Sigh...momma and sweetie pie were there ahead of me. And they were not in a hurry. They had the clerk engaged in all kinds of unknown activities and then the mother picked up some lame little flowery bracelet and inquired, "How much to make one of these?" "Nine dollars" was the reply - which is highway robbery if you ask me. "(Insert unremembered name here), would you like to make one of these?" So, I had to wait until they had completed said lame little flowery bracelet before mommy dearest would take her little dearest out of the store.

I have thought about this incident since and though the little girl did seem to have a runny nose, I wonder if she had a fever after all, or if this was mom's defense mechanism against would be kidnappers. It is really a sad commentary on the world when mothers have to be so afraid for their children. Believe me mom-of-that-little-girl, I understand. My daughter is 21. Wait till yours grows up and goes off to college in a different state and you are no longer close enough to protect her.

After paying for my papers, I went and picked up my daughter and we went shopping together. Then we went home and she packed and then we played a long game of Carcassonne until really late. Then we went to bed and got up early and got ready for church. Then she helped me in my preschool Sunday school class where the kids got to color pictures with markers and play like they were butterflies during roll call and hear about the resurrection of Jesus Christ and make watercolor pictures of the angel that rolled away the stone and then we gave them their little bags that had jelly beans in the bottom and a butterfly. The gold and red ones were for the girls and the striped ones were for the boys. The bandanna paper was just too thick, so I ended up having to do a striped pattern in Microsoft Paint and transfer it into a Word document and enlarge it to fit the page and print several sheets so I could make origami butterflies for the boys too. After church we went home and had some lunch and I helped my daughter finish up her packing and we three (husband, daughter, me) piled into the car and drove to the airport. On the way, I sat in the back and read a children's story out loud to them. We still love children's stories. We left as she was putting her shoes back on after going through airport security...alone. She made it back to school without incident, even though she had to sit in a really big airport for a while until her ride got there.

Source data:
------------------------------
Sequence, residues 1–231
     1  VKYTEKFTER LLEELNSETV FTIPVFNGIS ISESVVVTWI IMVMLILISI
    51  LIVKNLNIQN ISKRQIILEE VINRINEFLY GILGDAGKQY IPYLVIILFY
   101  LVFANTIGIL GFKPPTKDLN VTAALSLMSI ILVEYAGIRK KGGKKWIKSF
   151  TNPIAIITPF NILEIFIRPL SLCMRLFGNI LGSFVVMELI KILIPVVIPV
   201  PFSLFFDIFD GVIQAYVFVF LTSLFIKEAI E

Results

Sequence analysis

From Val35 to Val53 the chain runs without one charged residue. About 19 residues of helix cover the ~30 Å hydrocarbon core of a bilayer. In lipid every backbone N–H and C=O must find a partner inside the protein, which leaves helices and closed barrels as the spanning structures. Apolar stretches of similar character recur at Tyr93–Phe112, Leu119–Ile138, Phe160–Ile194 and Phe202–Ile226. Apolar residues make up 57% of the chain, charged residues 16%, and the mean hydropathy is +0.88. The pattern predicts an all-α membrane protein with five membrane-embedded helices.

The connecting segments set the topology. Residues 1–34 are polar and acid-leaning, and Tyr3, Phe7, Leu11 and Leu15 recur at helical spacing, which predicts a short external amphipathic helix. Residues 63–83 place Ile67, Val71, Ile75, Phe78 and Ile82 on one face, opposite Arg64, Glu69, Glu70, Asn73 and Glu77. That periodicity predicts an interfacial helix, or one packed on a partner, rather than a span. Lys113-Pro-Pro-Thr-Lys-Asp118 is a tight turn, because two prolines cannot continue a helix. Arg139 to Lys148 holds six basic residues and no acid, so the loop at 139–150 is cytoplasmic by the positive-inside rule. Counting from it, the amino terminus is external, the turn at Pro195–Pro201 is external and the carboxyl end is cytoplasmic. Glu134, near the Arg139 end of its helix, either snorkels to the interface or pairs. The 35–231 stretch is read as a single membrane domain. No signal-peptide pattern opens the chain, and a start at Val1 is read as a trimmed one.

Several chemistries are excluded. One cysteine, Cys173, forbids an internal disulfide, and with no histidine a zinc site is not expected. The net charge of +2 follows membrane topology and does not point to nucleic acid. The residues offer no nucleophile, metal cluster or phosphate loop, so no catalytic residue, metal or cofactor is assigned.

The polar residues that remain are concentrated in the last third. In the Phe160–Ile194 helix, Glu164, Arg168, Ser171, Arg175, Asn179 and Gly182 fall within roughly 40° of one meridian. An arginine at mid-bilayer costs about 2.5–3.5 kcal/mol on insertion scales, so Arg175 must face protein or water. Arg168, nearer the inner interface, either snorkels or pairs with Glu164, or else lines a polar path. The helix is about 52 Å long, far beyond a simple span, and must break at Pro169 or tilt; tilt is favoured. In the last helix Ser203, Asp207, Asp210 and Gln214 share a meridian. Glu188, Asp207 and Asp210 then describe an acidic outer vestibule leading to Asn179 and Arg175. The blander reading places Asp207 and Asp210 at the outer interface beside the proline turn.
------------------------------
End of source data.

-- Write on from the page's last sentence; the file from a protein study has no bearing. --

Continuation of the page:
I am so grateful that she belongs to Jesus Christ. He loves her far more than I ever could and He keeps close watch over her. That doesn't mean He will keep her from all harm, but He is in control and He works all circumstances together for our good. I rest in that promise. I have to, she's too far away to hear our prearranged secret code to warn of potential danger.